It is crucial, when faced with a patient with peripheral neuropathy, to first exclude emergencies. Guillain–Barré syndrome (GBS) is the peripheral neuropathy emergency par excellence. It is the idiopathic form of the APRN. Clinically, it is an acute bilateral, symmetrical, synchronous, ascending motor and/or sensory impairment. The risk of cardiovascular dysautonomic symptoms and the involvement of chest and bulbar muscles lead to a high mortality of the condition [16]. The ten deaths recorded in the study were due to APRN alone, resulting in a mortality of 21.3% of APRN cases. This is much higher than other series in the literature [16, 17]. This might be due to delay in diagnosis and limited means for adequate management of patients in an intensive care setting. APRN was the second most frequent form of peripheral neuropathy after diabetes in the present study. Epidemiological studies place GBS much further below diabetic neuropathy in frequency, with an annual incidence of 1–2 and 23–54 per 100,000 persons, respectively [8]. There is a relatively high prevalence of APRN in our sample. This could be due to the fact that neuropathy in other diseases such diabetes and systemic illnesses tends to be managed by other specialists. APRN; however, being an emergency tends to always fall to the neurologist.

In APRN, it is understood that the peripheral nervous system is caught in the crossfire between the immune system and pathogens in the body by molecular mimicry. The role of Campylobacter jejuni in the pathogenesis of the aberrant immune response that leads to auto-attack by antibodies has been well documented [18]. In like manner, growing evidence points to the implication of several other pathogens as is the case in the present study [19]. Causes found included Helicobacter pylori, Treponema pallidum and Mycobaterium tuberculosis infections. More recently, COVID-19 infection and vaccines have also been implicated [2]. Typically, electrophysiological data point to a demyelinating process. However, geographical variations have been observed with Western countries reporting demyelinating disease, whereas Asian region reporting axonal forms [20, 21]. In addition, a chronic form of polyradiculoneuropathy (CPRN) was found to have a much lower prevalence in this study. It generally causes more morbidity than mortality as compared to APRN [22].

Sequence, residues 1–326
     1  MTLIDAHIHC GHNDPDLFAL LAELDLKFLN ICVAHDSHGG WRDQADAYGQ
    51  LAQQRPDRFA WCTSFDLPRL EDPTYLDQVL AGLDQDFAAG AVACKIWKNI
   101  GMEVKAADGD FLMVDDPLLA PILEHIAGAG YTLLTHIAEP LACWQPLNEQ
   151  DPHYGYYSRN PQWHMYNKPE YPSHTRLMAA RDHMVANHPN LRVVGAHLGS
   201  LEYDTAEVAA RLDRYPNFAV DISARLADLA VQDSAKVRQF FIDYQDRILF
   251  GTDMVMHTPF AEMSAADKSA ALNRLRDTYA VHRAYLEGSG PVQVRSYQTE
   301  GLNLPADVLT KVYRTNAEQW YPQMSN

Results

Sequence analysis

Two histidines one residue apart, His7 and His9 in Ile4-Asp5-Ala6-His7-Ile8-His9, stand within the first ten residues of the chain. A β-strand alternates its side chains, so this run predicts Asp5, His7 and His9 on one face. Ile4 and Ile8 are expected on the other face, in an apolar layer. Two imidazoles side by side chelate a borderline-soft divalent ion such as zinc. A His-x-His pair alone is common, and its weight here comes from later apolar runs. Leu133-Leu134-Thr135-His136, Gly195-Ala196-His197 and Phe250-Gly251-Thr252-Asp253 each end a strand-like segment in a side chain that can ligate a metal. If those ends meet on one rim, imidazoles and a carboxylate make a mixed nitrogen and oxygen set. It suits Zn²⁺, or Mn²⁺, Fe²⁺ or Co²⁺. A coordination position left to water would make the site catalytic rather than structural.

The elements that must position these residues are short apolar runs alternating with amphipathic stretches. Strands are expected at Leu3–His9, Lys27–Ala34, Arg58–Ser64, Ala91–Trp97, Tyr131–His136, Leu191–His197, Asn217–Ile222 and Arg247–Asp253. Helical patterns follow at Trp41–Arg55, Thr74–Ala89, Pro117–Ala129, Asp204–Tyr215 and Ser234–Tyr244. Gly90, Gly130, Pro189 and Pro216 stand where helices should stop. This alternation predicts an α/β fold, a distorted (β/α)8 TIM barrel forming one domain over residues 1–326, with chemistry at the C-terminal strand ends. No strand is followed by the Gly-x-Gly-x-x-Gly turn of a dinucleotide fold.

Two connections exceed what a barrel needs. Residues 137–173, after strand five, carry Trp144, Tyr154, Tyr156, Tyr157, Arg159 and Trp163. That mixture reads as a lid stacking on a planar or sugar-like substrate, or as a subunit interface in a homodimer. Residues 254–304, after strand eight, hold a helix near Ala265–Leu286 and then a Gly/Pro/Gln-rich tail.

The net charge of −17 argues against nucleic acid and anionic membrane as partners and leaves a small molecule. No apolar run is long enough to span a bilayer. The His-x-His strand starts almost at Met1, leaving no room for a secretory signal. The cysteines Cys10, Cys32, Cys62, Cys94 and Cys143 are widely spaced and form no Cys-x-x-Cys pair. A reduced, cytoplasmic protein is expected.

Peripheral neuropathy due to diabetes is the most encountered scenario in the clinical setting. However, it should be considered a diagnosis of exclusion. Its prevalence has been estimated to be between 200 and 600 cases per 100,000 [8]. The presentation could be multifaceted and require exploration of other etiologies rather than settling down for the obvious diagnosis. Typically, patients present with sensory symptoms ranging from hypoesthesia to dysesthesia. Autonomic findings are also frequent and might involve erectile issues in males along with gastroparesis or constipation and urinary difficulties. Diabetic neuropathy occurs in patients who have had a long history of diabetes and typically uncontrolled blood glucose levels. This glucose toxicity leads to axonal damage. The link between blood glucose and neuropathy seems much less straight forward in type 2 diabetes than it is in type 1 diabetes. Several risk factors such as hypertriglyceridemia, dyslipidemia, obesity and hypertension might be implicated in neuropathology, and modifying them might help keep impairment at bay [23]. Diabetic neuropathy is a risk factor for falls and amputations. In fact, diabetic neuropathy is associated with an increased risk of mortality in patients [24].